My friend and former student Danielle Bonilla asked me for my take on “white privilege.” This phrase, which Peggy McIntosh famously unpacked in her 1989 essay “White Privilege: Unpacking the Invisible Knapsack,” has received a lot of attention lately, positive and negative. In this post, with Danielle’s permission, here are her questions and my responses.
What is your perspective on white privilege?
“White privilege” is when white people, because we are white, often don’t suffer certain things people of color often suffer and, instead, sometimes even benefit directly or indirectly from the suffering of people of color.
Well, this is definitely a real thing, and it’s not good. And while I didn’t ask for it, I do feel that I have a responsibility for what I’m going to do about it, whether to revel in it or to deny it or downplay it or to work for a more just world.
I want a more just world.
How do you see it positively & negatively affect your daily life?
It’s hard to say. But part of working for a more just world involves the kind of analysis that answers this question. Frankly, I’m just beginning this work.
What role did my race play in all of the lucky breaks I’ve ever been given, large or small?
What role did my race play in all of the bad breaks I’ve avoided, large or small?
How much has not having to worry about being a racial minority in this country freed up my physical and intellectual energies to enable me to accomplish what I’ve accomplished?
What material resources have been available to me, at least in part, because somewhere in history some white people took them from some people of color?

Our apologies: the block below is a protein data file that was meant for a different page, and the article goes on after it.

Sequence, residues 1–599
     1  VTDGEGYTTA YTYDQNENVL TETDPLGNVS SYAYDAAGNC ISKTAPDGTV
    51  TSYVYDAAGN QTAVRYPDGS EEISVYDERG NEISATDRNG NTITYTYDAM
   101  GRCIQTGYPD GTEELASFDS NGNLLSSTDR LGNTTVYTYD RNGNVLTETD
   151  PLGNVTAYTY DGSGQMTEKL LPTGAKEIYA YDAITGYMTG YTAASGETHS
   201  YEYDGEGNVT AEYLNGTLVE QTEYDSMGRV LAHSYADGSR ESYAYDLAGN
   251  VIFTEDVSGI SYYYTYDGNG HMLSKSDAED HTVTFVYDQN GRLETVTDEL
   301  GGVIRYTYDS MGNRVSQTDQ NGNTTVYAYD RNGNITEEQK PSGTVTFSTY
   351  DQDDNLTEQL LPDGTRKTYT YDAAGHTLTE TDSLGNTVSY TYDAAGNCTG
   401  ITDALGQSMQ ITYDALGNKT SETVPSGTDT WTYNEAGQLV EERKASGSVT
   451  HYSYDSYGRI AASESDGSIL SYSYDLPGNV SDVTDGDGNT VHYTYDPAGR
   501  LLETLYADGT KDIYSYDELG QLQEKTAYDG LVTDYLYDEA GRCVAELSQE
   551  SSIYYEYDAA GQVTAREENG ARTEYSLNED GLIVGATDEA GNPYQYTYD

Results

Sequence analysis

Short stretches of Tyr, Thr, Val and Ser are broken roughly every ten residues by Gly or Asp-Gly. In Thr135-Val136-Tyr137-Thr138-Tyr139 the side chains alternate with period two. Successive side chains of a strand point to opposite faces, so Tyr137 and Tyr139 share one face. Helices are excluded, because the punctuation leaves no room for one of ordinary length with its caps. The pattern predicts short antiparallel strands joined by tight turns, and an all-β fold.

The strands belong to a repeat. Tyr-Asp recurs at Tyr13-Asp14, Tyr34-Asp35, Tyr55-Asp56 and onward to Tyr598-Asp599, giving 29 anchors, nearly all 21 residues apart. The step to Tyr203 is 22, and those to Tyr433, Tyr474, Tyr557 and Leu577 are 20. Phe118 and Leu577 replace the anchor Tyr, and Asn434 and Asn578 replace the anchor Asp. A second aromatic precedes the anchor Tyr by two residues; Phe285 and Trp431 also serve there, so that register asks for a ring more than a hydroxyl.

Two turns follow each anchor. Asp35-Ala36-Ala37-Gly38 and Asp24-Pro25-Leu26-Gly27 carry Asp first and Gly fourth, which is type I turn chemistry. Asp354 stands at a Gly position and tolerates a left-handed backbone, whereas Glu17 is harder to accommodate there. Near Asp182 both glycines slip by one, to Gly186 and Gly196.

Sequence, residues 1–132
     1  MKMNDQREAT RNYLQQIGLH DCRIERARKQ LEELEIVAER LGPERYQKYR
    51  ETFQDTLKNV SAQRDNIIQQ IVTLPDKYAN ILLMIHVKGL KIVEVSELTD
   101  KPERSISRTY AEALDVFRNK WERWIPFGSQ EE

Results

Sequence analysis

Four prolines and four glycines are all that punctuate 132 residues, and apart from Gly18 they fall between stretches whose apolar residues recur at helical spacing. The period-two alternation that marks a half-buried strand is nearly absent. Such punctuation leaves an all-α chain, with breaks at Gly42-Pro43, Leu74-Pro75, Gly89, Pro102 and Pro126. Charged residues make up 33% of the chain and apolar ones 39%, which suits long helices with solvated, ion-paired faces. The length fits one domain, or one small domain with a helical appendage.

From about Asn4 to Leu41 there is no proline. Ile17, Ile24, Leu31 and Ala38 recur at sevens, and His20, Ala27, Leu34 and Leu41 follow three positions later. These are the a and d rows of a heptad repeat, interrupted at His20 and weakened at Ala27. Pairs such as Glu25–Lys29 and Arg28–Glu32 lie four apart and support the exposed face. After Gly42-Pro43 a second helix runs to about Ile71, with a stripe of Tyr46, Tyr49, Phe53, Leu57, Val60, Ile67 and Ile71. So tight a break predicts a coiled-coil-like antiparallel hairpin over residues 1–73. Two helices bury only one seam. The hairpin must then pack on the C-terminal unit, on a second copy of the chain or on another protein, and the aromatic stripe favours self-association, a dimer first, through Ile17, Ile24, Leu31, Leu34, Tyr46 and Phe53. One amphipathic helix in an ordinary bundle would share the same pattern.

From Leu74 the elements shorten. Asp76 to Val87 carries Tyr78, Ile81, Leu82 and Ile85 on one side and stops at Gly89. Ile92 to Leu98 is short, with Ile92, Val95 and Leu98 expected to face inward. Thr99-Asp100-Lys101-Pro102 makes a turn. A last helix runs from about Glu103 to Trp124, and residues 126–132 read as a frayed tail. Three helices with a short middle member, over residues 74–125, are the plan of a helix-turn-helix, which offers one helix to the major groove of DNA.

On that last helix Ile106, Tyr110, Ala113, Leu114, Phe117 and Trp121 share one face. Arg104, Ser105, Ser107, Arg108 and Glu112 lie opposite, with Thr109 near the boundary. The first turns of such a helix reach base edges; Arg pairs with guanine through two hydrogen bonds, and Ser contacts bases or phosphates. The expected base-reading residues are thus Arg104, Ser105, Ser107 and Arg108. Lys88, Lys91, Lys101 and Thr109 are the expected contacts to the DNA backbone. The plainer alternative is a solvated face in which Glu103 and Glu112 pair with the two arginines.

In what ways has it been easier for me to compete for things like admission to grad school, awards, and jobs because some of my competitors bore the additional burden of being people of color in this society while other potential competitors, for the same reason, never even got to where they could compete?
These questions are usually impossible to answer on the level of the individual person. But on the statistical level, it becomes very clear that my race isn’t working against me and is almost certainly benefiting me.
But, yes, there are negatives too.
I’m hurt by the fact that at least some of what is good in my life comes at the cost of good in the lives of others.
I’m hurt by the fact that white privilege isolates/segregates me to a significant degree from people of color, with whom I might otherwise have mutually enriching relationships.
I’m hurt because there are people who I love, including my wife and daughters, who are disadvantaged by white privilege.
And, finally, I’m hurt simply because the world would be a better place altogether if people were not advantaged or disadvantaged by race.
How does it shape your worldview?
I think that the main effect white privilege has on the way white people see the world is to establish whiteness as the standard of normalcy and then to let us forget that that has happened, to let us think it’s natural when it’s not.
Because of white privilege, I don’t have to see myself as white and someone else as Latina. White privilege would have me think that I’m just a person, and you’re a Latina person—you’re the one who’s non-standard, abnormal even.
This false definition of “normal” revolving around me results in a lot of double standards and blind spots, the biggest of which may be the idea of individualism, which lets me ignore the larger, systemic effects of race and racism and chalk up everyone’s successes and failures to their own personal gumption. I get to look at my life and attribute where I am, for better or worse, to my own choices and efforts.